Tuesday, October 16, 2007

Timmy's Tale Part II

I'm sorry it has taken me a week to get this update written. Blogger has been giving me fits, but it looks like I will be able to get this uploaded. I have one last segment to give you as well. I have already written it and I will upload it for you tomorrow. I hope to include lots of photos with that post. As of right now, Blogger won't let me upload any pictures, so they will have to wait. On Friday we'll give you the update on this week. But just so you know, things are going very well. Bethany is getting closer and closer to being able to "handle" in the birth room, which I think means that she will soon be pulling babies out women, which is the whole point I guess, but just thinking about it kinda makes me feel queasy.

When in Dipolog I spent time with Pastor Bonnie Sembran and his family. They're pretty cool. He and his wife have 9 children, aged 36-17. Some of them are currently studying in the medical field so that they can start their own free hospital to minister to the poor. Bonnie lives with several of his children in a big house that is still being built (there's rebar sticking out of the ceiling) on a very cool property. Their property has several other buildings including 4 small cottages (I stayed in one of them), a church building, another building with living quarters. On top of all that, there is an outdoor pool!

We spent Tuesday recovering from Monday's 13 hour drive. I was able to sit in on the classes that the bible students were having. One of the teachers was the man who had translated for me in Kidapawan. I felt encouraged when during his class he actually referenced some of the points that I had made during my sermon on Sunday. Some of the students are as young as 17, but they have made a commitment to the Lord to go wherever he sends them.

On that property they house 17 orphans who have come from the tribal villages up in the surrounding mountains. They also house and teach 23 bible students. The students study for 3 years before being sent out to either co-pastor an existing church or start a new one. The students are also working to improve the property. They are currently building a new structure beside Bonnie's house that will be the new living quarters for the students and the orphans. The building will also serve as a conference center for pastors. I took a picture of the blueprints for this building and I hope to show it to you tomorrow.

Bonnie is the head of a network of 152 churches that have been planted over the last thirty years around the island of Mindanao. He also pastors his own church in Dipolog, though he spends much of his time traveling around the island to encourage the other pastors. In the time that I was with him, I watched as he brought encouragement and wisdom to many different pastors that we met on our journeys. I was amazed at all the churches of theirs that he pointed to during our trip across the island, as he told me the name of the pastor and the year that the church was started.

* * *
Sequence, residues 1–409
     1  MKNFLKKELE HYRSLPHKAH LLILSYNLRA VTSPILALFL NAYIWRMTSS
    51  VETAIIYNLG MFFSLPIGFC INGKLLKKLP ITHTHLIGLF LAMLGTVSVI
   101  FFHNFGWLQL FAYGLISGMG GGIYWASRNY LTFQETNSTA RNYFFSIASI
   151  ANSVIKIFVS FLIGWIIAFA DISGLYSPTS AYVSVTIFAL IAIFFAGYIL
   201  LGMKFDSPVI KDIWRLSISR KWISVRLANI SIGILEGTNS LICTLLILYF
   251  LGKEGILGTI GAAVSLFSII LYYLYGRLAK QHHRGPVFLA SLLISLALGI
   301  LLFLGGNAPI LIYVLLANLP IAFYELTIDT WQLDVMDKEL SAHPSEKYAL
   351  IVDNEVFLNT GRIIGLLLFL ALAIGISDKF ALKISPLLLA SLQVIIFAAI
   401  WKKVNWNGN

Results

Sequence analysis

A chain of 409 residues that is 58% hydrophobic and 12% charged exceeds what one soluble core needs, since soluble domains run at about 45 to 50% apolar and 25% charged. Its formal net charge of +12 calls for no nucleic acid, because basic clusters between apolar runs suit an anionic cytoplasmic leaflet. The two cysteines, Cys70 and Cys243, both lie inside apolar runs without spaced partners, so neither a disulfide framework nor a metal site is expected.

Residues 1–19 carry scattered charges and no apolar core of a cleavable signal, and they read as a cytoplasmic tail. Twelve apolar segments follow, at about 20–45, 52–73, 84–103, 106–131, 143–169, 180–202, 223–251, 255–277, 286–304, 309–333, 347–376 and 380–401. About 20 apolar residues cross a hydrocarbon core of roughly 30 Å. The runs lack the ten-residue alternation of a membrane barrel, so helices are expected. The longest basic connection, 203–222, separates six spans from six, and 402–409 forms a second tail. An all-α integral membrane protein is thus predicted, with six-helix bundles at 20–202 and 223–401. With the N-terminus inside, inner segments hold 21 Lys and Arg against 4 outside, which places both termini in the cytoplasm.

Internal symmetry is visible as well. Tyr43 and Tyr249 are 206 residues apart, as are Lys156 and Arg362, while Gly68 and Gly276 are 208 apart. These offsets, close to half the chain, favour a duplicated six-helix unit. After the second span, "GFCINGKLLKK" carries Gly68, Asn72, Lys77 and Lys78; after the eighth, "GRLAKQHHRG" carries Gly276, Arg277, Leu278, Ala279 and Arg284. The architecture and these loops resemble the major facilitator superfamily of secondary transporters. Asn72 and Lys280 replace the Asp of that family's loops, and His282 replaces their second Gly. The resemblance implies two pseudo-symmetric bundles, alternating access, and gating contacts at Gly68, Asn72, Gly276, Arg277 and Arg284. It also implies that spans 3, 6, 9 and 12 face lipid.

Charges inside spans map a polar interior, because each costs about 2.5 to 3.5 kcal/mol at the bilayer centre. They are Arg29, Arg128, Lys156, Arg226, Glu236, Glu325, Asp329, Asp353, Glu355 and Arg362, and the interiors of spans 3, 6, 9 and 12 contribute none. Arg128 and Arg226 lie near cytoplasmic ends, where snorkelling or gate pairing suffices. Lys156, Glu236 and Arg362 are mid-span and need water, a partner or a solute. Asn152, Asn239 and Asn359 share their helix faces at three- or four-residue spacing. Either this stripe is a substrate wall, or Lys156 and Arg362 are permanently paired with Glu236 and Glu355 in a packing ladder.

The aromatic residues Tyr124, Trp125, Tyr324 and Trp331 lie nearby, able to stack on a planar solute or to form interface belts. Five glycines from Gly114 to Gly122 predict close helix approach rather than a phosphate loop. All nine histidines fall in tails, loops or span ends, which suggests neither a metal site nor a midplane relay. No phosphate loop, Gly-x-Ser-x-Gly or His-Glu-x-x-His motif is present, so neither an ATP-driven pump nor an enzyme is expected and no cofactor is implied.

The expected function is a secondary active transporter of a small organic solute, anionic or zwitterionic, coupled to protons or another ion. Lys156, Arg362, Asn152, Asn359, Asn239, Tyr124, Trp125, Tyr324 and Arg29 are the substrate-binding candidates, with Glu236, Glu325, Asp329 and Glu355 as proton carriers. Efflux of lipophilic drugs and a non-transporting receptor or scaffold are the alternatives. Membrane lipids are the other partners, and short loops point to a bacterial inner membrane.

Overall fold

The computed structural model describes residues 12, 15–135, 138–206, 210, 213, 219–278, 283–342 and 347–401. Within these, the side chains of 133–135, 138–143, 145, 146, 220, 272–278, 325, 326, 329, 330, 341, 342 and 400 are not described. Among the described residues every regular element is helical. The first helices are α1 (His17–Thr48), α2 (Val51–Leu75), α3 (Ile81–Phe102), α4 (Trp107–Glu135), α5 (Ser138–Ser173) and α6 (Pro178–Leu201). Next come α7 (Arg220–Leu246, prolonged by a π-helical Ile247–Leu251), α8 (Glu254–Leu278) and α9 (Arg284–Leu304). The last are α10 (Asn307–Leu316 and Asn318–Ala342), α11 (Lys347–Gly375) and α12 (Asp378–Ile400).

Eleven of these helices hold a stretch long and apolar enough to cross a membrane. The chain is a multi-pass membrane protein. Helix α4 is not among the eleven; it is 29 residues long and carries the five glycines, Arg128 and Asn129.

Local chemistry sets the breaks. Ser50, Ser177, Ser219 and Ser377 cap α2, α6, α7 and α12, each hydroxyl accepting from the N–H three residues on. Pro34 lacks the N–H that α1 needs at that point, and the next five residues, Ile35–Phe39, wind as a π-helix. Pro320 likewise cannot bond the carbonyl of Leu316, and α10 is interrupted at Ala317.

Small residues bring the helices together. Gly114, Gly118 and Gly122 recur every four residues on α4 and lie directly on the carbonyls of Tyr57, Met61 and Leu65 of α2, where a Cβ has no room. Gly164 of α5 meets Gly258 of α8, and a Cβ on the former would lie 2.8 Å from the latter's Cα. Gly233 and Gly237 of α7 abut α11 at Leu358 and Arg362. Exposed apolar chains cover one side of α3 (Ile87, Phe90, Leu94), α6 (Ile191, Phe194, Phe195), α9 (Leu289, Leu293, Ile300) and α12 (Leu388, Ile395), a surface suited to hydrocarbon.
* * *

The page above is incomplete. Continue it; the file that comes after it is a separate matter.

Most of these churches were started as a direct result of a crusade that they had done in the area. I think that's a big deal. I'm beginning to think that there isn't much point in starting a church just for the sake of starting a church. These churches were started because there was suddenly a large influx of new believers that needed to be discipled, not because people weren't satisfied with the programs being offered by the church down the street. Oh, I'll step down from my soapbox now. Sorry.

Bonnie would very much like to have Impact Nations come to do a Journey of Compassion in his home town of Dipolog. When I asked if he would be able to gather some pastors for the training that's involved in a JOC, he told me that earlier this year he gathered 700 pastors for a conference in Dipolog. And based on the number of churches that he has, it looks as though any crusades that we did would result in even more new churches. This man truly has a heart for seeing the kingdom extended throughout Mindanao, and indeed the entire country of the Philippines.

On Wednesday we traveled about three hours south to a town called Ipil. I was warned by many of my friends here in Davao that Ipil is a very dangerous place. Truth be told, I don't think Ipil has been dangerous since the mid nineties, but they still have a reputation as a violent place where Muslim rebels are fighting for control. Regardless, I felt perfectly safe the whole time.

On Wednesday night about 80 pastors and bible students gathered at the church in Ipil for a night of worship and teaching. Guess who was teaching? Does it seem preposterous to anyone else that they had asked me to teach the pastors? It would have been easy to succumb to the enemy's lies that I had no business preaching to these men and women who had been in ministry much longer than me. Instead, I trusted that the Lord had given me something to share with them that would encourage them and build them up. Again, I didn't let on that I am not a preacher. I just got up there and delivered the message that the Lord had given me. We had an awesome night of worship and the response to my message was very encouraging. I was invited to come back and preach again soon.

I'll tell you more tomorrow. Cheerio for now!

Tim.

3 comments:

Anonymous said...

I love your attitude about preaching to pastors! A mixture of humility and trust in the Lord. I'm proud of you and I thank you for giving me an example to follow. I pray God will give me grace to say yes to whatever He asks with that kind of attitude.
Love and prayers,
Aunt Sylv

Christina said...

I'm proud of you Tim. It will be a treat to have you introduce us to some of these people the next time we come. Love Mum

Anonymous said...

Bonnie Sembran is dead and he was a mobster who cheated hundreds of churches all over the world out of thousands of dollars.